by Seun Bakare 

The year 2024 has been tagged as the global year of elections. Seun Bakare, the Executive Director of Climate Peace Alliance, and HRDA Alumni, (Class of 2014) explores how climate change impacts and risks are undermining democracies across the world. He makes a case for enhancing understanding of climate change not only as a political issue but as a human rights issue with many dimensions that affect vulnerable groups disproportionately.

Climate justice and democracy are inextricably linked. For the world to meet global climate goals, the democracies of various countries must recognize the impact of climate change on the global majority countries and collaborate on sustainable climate change policies.  When climate change effects such as droughts, natural disasters, and food insecurity continue to worsen in affected countries, this inevitably puts a strain on the ability of governments in developing countries to tackle these issues. As climate change impacts have intensified over the years, the capacity of democracies to adapt to climate change and mitigate its adverse impacts continues to be tested.  Reports by the Intergovernmental Panel on Climate Change (IPCC) have raised the alarm that if greenhouse gas emissions are not drastically reduced and curtailed within the targets in the Paris Agreement, the consequences on communities, nature, and infrastructure will be dire. The ongoing conversations show that not much thought has been given to the eroding impacts of climate change on the pillars of democracy.

For instance, in recent years, countries within the Sahel region (and across sub-Saharan Africa) have been hit hard by droughts, floods, intense heat, and inconsistent rainfall. These harsh climatic conditions have robbed marginalized communities of their livelihoods and have also decimated the accessibility of basic resources such as food and water. Consequently, the combination of poor governance, declining economies, climate change, and food insecurity has created volatile circumstances. The persistence of these challenges and insecurity has been cited by some military leaders as a contributing factor to the series of coups and coup attempts. that have been experienced within the region.

Picture1The problematic combination of poor governance, high unemployment rates, ethno-religious intolerance, and political unrest have fuelled conflict within the Sahel region. To chart the course in resolving these issues, we must acknowledge that climate change further worsens these challenges by disrupting the livelihoods of the majority of the populace who are reliant on natural resources. 

When there is a lack of response and infrastructure to fill in the gap and proffer solutions to the climate change threats and issues faced by frontline communities, vulnerable communities are left open to non-state actors and armed groups. These groups may try to manipulate the situation to propagate extremist ideologies and carry out terrorist recruitment. In central Mali, researchers have established a connection between child recruitment and scarce rainfall whereby families send their children to armed groups as a form of income. The failure of government-run projects which have been ridden with nepotism and corruption has also given a vacuum for non-state actors to take over.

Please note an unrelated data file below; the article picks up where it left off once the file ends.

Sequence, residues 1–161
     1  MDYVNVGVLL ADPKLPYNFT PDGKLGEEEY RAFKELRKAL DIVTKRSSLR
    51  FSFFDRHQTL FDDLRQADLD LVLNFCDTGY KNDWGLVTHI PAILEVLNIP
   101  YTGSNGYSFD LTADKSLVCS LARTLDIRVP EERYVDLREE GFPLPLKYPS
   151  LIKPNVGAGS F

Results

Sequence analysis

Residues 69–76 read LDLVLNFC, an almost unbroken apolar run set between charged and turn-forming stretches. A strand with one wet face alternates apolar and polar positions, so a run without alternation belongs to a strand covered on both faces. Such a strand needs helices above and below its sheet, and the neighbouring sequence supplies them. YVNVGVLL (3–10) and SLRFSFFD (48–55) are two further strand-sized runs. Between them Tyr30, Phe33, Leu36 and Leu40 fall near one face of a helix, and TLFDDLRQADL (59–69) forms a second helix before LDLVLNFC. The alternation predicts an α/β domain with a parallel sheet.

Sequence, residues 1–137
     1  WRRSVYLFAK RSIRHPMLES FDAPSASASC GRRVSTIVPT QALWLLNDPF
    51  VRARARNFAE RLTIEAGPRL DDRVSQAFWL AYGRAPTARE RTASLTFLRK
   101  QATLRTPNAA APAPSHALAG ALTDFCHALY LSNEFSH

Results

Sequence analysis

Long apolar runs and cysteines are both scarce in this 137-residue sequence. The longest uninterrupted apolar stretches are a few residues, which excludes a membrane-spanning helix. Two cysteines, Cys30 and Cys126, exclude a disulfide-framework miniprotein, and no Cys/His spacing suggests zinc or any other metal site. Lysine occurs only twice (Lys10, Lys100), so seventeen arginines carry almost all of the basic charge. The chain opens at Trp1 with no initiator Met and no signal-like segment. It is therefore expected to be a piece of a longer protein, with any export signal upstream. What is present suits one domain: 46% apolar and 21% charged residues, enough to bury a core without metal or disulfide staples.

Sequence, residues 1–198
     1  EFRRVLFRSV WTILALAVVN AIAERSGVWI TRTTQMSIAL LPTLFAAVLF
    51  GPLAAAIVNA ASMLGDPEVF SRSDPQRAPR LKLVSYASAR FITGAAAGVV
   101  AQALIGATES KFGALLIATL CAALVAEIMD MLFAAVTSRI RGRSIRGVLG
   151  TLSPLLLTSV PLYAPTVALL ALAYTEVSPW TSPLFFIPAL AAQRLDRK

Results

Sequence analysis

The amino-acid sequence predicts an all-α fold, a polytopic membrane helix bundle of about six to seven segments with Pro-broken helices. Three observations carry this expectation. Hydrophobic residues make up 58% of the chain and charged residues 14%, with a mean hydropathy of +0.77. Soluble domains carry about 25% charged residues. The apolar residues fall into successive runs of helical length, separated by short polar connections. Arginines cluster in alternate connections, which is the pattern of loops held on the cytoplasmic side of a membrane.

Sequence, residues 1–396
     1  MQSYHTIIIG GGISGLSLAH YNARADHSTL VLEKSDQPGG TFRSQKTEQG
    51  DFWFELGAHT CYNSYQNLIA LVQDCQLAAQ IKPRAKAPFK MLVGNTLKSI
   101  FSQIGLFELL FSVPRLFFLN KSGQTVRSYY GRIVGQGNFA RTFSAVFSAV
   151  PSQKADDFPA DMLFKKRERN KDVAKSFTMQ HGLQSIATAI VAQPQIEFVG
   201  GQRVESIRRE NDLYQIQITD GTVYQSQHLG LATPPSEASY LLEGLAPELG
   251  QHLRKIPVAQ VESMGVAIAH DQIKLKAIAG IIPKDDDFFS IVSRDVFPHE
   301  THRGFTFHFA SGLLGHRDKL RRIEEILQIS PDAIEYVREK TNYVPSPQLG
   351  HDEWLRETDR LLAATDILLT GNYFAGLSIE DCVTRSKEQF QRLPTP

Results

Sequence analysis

One of the hallmarks of a healthy democracy is when all citizens can freely participate in governance and enjoy the dividends of democracy. This means prioritising diversity, equity, and inclusion in the formulation and implementation of climate solutions so that no one is left behind on the journey to net zero. With a holistic set of policies and programmes, the structural and political dynamics that disenfranchise vulnerable groups can be disrupted.  

With 2024 being a year of global elections and democracy, citizens and stakeholders must hold elected leaders accountable for the promises pledged and treaties signed. Climate change is not just a political issue, it is a global issue that affects us all. The clock is ticking, and the effects of climate change will not wait.

BakareAbout the Author:  Seun Bakare is the Executive Director at the Climate Peace Alliance (CPA) - a UK based international charity that works at the intersection of climate justice and violent conflicts

About the Climate Justice Blog: This is a blog series brought to you by the Human Rights and Democratisation Alumni Task Force on Climate Justice and Rights of Future Generations in Africa. The aim is to address challenges related to climate change and human rights in Africa.

Acknowledgement: The Centre for Human Rights, Faculty of Law, University of Pretoria acknowledges the financial support of the European Union through the Global Campus of Human Rights. Global Campus of Human Rights is a network of over 100 universities in eight regions with the vision and mission ‘to foster new generations of human rights defenders contributing to a world in which human dignity, equality, freedom, security, sustainable development, democracy and the rule of law are realised.’  The Centre for Human Rights is the regional headquarter of the Global Campus Africa, which comprises 13 partner universities across Africa.


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